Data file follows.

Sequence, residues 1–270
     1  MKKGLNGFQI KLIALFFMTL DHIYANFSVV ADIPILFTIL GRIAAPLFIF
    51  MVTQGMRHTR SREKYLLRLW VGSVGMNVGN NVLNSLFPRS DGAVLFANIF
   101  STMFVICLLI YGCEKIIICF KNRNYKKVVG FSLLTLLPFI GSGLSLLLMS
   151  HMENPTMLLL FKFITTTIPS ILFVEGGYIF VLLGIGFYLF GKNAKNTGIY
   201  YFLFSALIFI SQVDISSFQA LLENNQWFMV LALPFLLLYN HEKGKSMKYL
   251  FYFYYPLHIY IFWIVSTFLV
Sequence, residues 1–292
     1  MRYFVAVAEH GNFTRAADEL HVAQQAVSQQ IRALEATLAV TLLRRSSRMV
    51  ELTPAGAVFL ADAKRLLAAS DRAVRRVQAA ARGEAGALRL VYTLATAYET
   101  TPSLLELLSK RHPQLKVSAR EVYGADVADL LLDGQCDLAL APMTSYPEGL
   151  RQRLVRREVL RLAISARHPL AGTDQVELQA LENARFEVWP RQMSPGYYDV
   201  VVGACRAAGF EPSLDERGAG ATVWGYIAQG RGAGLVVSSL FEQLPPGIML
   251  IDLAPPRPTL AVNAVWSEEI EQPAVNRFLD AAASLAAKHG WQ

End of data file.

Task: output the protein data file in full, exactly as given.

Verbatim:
Sequence, residues 1–270
     1  MKKGLNGFQI KLIALFFMTL DHIYANFSVV ADIPILFTIL GRIAAPLFIF
    51  MVTQGMRHTR SREKYLLRLW VGSVGMNVGN NVLNSLFPRS DGAVLFANIF
   101  STMFVICLLI YGCEKIIICF KNRNYKKVVG FSLLTLLPFI GSGLSLLLMS
   151  HMENPTMLLL FKFITTTIPS ILFVEGGYIF VLLGIGFYLF GKNAKNTGIY
   201  YFLFSALIFI SQVDISSFQA LLENNQWFMV LALPFLLLYN HEKGKSMKYL
   251  FYFYYPLHIY IFWIVSTFLV
Sequence, residues 1–292
     1  MRYFVAVAEH GNFTRAADEL HVAQQAVSQQ IRALEATLAV TLLRRSSRMV
    51  ELTPAGAVFL ADAKRLLAAS DRAVRRVQAA ARGEAGALRL VYTLATAYET
   101  TPSLLELLSK RHPQLKVSAR EVYGADVADL LLDGQCDLAL APMTSYPEGL
   151  RQRLVRREVL RLAISARHPL AGTDQVELQA LENARFEVWP RQMSPGYYDV
   201  VVGACRAAGF EPSLDERGAG ATVWGYIAQG RGAGLVVSSL FEQLPPGIML
   251  IDLAPPRPTL AVNAVWSEEI EQPAVNRFLD AAASLAAKHG WQ